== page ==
What We Are Reading Today: Art and Archaeology of the Erligang Civilization

Updated 28 August 2018

What We Are Reading Today: Art and Archaeology of the Erligang Civilization

  • This richly illustrated book is the first in a western language devoted to the Erligang culture

Named after an archaeological site discovered in 1951 in Zhengzhou, China, the Erligang civilization arose in the Yellow River Valley around the middle of the second millennium BCE.

Shortly thereafter, its distinctive elite material culture spread to a large part of China's Central Plain, in the south reaching as far as the banks of the Yangzi River. The Erligang culture is best known for the remains of an immense walled city at Zhengzhou, a smaller site at Panlongcheng in Hubei, and a large-scale bronze industry of remarkable artistic and technological sophistication.

This richly illustrated book is the first in a western language devoted to the Erligang culture. It brings together scholars from a variety of disciplines, including art history and archaeology, to explore what is known about the culture and its spectacular bronze industry. 

The opening chapters introduce the history of the discovery of the culture and its most important archaeological sites. Subsequent essays address a variety of important methodological issues related to the study of Erligang, including how to define the culture, the usefulness of cross-cultural comparative study, and the difficulty of reconciling traditional Chinese historiography with archaeological discoveries. 

The book closes by examining the role the Erligang civilization played in the emergence of the first bronze-using societies in south China and the importance of bronze studies in the training of Chinese art historians.

The contributors are Robert Bagley, John Baines, Maggie Bickford, Rod Campbell, Li Yung-ti, Robin McNeal, Kyle Steinke, Wang Haicheng, and Zhang Changping.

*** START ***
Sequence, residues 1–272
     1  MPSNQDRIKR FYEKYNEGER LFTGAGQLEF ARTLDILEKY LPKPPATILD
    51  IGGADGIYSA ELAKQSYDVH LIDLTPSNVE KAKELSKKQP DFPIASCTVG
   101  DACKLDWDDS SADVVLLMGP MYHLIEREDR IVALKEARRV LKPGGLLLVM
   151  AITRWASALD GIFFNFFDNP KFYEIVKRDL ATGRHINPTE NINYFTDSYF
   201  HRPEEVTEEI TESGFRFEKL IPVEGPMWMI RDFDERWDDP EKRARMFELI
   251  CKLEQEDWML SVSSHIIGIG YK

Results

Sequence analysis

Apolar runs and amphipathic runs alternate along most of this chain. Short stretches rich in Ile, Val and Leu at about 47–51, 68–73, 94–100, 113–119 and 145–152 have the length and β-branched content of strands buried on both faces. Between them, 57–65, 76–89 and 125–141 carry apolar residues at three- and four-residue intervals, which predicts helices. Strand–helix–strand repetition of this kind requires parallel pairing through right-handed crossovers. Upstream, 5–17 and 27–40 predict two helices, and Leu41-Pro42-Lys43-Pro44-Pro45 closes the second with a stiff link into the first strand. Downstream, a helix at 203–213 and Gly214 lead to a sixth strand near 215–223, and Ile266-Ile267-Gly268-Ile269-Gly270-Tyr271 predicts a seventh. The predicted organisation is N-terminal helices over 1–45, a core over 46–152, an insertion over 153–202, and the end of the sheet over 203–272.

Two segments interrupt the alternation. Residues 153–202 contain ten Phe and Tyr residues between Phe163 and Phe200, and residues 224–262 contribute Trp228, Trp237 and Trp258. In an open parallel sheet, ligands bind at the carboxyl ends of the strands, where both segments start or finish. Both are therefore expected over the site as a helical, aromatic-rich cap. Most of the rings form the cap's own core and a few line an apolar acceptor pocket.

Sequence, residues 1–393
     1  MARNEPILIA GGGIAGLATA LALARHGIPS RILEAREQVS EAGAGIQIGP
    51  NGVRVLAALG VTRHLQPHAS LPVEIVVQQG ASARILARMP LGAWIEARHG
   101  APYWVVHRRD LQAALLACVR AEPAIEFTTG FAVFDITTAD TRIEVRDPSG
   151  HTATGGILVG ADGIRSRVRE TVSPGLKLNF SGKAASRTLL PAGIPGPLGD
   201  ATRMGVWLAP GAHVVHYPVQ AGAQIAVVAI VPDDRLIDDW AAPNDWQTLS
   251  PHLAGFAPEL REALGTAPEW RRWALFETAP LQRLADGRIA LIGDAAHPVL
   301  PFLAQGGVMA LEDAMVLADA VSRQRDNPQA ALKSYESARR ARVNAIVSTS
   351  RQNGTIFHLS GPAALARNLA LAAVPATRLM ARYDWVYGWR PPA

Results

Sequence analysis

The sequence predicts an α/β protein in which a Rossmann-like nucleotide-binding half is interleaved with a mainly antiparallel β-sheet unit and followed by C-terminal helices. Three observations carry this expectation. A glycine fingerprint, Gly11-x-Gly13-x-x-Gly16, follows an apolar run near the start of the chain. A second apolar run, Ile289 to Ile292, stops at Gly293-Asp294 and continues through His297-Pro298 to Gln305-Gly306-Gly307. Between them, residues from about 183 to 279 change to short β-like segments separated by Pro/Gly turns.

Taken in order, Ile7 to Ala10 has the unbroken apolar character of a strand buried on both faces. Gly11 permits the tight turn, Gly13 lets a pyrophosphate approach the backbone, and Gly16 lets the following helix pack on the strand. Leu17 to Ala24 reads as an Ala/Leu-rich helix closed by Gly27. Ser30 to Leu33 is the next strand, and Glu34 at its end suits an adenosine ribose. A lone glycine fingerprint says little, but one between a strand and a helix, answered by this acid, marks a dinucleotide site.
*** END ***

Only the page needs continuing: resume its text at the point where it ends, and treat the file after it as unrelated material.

What We Are Reading Today: First: Sandra Day O’Connor by Evan Thomas

Updated 28 September 2020

What We Are Reading Today: First: Sandra Day O’Connor by Evan Thomas

Sandra Day O’Connor’s story is that of a woman who repeatedly shattered glass ceilings — doing so with a blend of grace, wisdom, humor, understatement, and cowgirl toughness.

This is a remarkably vivid and personal portrait of a woman who loved her family and believed in serving her country, who, when she became the most powerful woman in America, built a bridge forward for the women who followed her, according to a review published on goodreads.com.

She was born in 1930 in El Paso and grew up on a cattle ranch in Arizona. At a time when women were expected to be homemakers, she set her sights on Stanford University. When she graduated near the top of her class at law school in 1952, no firm would even interview her.

She became the first-ever female majority leader of a state senate. As a judge on the Arizona State Court of Appeals, she stood up to corrupt lawyers and humanized the law. When she arrived at the Supreme Court, appointed by Reagan in 1981, she began a quarter-century tenure on the court, hearing cases that ultimately shaped American law.